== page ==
Data Analysis: Incidence of pregnancy and neonatal outcomes among women exposed to thiopurines, biologics, or combination therapy were compared to those of women who were unexposed to these agents. Adjusted odds ratios (OR) were calculated using multivariable logistic regression adjusting for relevant confounders (including disease activity, maternal and infant characteristics, and prior SAB) (Figure 1). Cox proportional hazard models were constructed to assess predictors of SAB within 20 weeks.

Funding: The study was funded by the Crohn’s & Colitis Foundation, Lisa and Douglas Goldman Foundation, Lab and Valibhav Goel Foundation, and the National Institutes of Health.

Results: Exposure to thiopurines, biologics, or combination therapy were not associated with an increased risk of congenital malformations, SAB, preterm birth, low birth weight, or infections during the infant’s first year of life. Higher IBD activity was associated with a greater risk of SAB (hazard ratio [HR]= 3.41; 95% confidence interval [CI]: 1.51-7.69), and preterm birth was associated with an increased risk of infant infections (OR= 1.73; 95% CI: 1.19-2.51) (Figure 2).


Figure 1. Adjusted odds ratios for the association of inflammatory bowel disease (IBD) therapies with adverse pregnancy-related outcomes (controlling for maternal age, steroid use, and IBD activity).  LBW, low birth weight; NICU, neonatal intensive care unit; SAB, spontaneous abortion.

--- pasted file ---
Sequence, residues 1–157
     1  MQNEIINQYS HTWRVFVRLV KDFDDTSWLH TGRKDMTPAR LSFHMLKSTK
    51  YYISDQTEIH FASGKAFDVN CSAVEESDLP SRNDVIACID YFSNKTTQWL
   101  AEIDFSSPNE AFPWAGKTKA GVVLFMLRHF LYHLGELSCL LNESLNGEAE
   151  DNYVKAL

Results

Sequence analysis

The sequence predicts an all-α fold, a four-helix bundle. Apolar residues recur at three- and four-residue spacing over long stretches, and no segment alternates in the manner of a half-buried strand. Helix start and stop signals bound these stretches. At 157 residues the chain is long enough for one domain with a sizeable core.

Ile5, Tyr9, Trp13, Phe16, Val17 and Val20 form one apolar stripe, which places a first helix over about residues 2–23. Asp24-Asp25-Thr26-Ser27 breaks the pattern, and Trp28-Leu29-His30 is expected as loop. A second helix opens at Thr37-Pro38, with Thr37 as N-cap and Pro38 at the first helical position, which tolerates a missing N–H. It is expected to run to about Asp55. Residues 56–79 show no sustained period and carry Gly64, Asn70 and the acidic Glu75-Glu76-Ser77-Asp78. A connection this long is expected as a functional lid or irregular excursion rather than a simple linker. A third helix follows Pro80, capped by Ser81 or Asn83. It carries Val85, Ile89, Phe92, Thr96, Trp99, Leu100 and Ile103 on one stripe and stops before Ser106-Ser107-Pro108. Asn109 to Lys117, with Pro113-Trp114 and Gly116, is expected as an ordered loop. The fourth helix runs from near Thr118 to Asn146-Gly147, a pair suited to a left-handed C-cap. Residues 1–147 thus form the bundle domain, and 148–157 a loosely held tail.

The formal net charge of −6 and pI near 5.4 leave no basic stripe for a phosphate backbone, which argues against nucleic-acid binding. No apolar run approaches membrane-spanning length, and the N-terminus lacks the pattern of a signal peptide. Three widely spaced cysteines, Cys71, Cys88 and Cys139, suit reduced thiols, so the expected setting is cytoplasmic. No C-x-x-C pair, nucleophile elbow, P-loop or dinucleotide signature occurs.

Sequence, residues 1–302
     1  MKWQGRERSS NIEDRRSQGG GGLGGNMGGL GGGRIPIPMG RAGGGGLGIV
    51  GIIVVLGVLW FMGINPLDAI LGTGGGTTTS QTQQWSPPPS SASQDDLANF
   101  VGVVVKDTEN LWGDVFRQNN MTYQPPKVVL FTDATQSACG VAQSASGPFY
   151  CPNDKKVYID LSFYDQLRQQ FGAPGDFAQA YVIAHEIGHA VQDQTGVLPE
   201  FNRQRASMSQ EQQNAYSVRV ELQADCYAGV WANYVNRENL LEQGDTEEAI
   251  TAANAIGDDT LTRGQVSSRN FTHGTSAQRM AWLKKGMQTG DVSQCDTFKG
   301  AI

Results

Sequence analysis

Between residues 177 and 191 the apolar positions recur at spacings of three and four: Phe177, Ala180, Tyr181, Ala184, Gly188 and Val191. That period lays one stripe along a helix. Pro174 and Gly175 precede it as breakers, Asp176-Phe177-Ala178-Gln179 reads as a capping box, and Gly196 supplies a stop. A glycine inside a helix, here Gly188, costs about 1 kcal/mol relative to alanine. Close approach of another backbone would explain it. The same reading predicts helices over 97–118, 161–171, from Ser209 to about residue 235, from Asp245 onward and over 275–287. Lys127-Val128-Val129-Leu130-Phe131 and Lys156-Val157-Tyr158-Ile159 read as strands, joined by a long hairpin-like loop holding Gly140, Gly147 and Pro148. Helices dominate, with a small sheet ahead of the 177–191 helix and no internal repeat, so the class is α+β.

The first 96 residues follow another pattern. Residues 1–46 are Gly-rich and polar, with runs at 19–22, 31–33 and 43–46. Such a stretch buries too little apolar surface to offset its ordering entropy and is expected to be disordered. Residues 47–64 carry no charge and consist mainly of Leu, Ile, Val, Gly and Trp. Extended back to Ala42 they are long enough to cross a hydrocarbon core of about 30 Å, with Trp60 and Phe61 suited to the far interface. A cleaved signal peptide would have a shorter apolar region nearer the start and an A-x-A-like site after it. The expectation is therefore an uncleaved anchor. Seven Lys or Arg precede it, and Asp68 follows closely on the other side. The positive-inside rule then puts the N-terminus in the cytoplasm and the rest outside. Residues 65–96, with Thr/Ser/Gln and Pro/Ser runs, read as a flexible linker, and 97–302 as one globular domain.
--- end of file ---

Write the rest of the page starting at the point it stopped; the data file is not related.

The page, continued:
Figure 2: Pregnancy and Neonatal Outcomes After Fetal Exposure to Biologics and Thiopurines Among Women With Inflammatory Bowel Disease


Why Is This Important?

Women with IBD are more likely to have pregnancy-related complications compared to women without IBD.1 Higher disease activity is associated with adverse pregnancy outcomes, and retrospective data from France indicated that discontinuation of anti-tumor necrosis factor (TNF) therapy before week 24 of pregnancy increases the risk of an IBD flare.2,3 However, there has been hesitancy among patients and providers to continue thiopurine and biologic therapies during pregnancy due to the potential risk of maternal complications, congenital malformations, and infections.2 In fact, European guidelines suggest stopping biologics at 22 weeks gestation, although this may increase the risk of IBD flares.